Rebecca Wheater, Susan Rose, Robert Ager, Jose Liht, Ben Styles and Liz Twist
24 November 2022
Research report on the EEF website
This longitudinal study follows a group of the youngest school-aged children during the Covid-19 pandemic to understand the long-term impact of Covid and school closures on pupils’ attainment and social skills. The study builds on findings from 2021. In this report, we explore the attainment of Year 1 and Year 2 pupils in spring 2022.
We collected data from 6,029 pupils in 81 schools. In addition to measuring reading and maths attainment, the study also included a teacher measure of pupils’ social skills for a sub-sample of twelve pupils within each year group in each school. Contextual information about school practices and any catch-up activities being undertaken with the pupils were also collected through a survey completed by 67 headteachers.
- Year 2 pupils were three months behind in reading compared with where they would be expected to be before the pandemic. However, many children had caught up. In mathematics, children in Year 2 had caught up compared with children before the pandemic. In reading and mathematics, children in Year 3 had caught up compared with pupils before the pandemic.
- The disadvantage gap that widened in 2021 in this cohort has not widened further, but neither has it narrowed. In terms of progress, in Year 2, the gap between pupils eligible for free school meals and those not eligible was around six months for reading and around five months for maths. In Year 3, there was a difference of around nine months for reading and around eight months for maths.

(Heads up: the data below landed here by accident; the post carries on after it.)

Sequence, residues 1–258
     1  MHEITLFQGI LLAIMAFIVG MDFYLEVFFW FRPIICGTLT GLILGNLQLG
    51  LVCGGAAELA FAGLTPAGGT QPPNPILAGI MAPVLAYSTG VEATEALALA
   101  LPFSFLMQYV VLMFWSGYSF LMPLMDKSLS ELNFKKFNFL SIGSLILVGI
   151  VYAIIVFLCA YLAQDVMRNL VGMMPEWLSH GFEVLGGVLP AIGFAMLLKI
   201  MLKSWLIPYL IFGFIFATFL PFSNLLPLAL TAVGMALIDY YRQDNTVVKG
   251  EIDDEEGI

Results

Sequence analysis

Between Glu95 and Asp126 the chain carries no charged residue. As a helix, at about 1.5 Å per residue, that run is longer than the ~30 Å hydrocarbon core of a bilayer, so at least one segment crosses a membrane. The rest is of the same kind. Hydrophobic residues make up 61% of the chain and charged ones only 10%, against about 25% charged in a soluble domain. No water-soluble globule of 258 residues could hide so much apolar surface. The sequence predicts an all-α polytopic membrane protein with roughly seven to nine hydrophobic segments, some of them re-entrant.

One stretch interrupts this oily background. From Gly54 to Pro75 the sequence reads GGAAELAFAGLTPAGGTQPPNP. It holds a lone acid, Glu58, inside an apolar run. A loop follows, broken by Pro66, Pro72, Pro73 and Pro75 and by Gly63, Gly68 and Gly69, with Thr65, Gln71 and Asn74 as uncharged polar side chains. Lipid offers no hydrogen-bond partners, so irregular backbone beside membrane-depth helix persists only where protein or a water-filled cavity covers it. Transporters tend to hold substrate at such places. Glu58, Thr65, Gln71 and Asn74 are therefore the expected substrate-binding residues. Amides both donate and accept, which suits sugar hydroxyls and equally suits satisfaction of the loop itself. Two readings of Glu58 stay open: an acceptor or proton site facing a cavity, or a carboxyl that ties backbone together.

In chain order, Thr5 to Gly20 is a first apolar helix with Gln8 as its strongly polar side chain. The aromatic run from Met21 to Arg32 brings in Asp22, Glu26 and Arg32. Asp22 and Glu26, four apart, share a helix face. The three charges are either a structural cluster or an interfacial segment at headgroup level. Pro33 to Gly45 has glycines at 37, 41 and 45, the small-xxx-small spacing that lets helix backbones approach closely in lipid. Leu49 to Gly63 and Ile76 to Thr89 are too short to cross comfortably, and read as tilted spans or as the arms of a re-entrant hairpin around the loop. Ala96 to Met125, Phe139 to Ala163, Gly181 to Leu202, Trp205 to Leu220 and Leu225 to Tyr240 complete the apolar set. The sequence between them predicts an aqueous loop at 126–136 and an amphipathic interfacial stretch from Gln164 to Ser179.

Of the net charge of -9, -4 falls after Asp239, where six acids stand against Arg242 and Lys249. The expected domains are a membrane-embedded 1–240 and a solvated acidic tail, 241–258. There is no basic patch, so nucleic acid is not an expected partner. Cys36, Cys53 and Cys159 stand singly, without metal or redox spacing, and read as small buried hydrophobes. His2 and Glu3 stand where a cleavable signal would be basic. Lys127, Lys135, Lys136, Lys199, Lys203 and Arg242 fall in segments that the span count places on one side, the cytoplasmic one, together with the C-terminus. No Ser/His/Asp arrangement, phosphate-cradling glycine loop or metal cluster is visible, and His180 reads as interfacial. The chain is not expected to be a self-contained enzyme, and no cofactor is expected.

- We found a large increase in very low attainers in reading and to a lesser extent in mathematics compared with before the pandemic. This increase represents a substantial challenge for teachers across the country, particularly for teachers in schools in disadvantaged areas with higher proportions of lower performing pupils.
- The wellbeing of pupils was an area of increased focus during 2021/2022. Headteachers continued to be concerned about Year 2 and Year 3 pupils’ wellbeing.
- Teachers report that the additional support they are providing has contributed to increased workload. This has been alongside high levels of staff absence.
- Our evidence suggests that catch-up support should focus on very low attaining pupils and closing the disadvantage gap. It is essential that schools are both adequately funded and supported to ensure that the required long-term support can be delivered.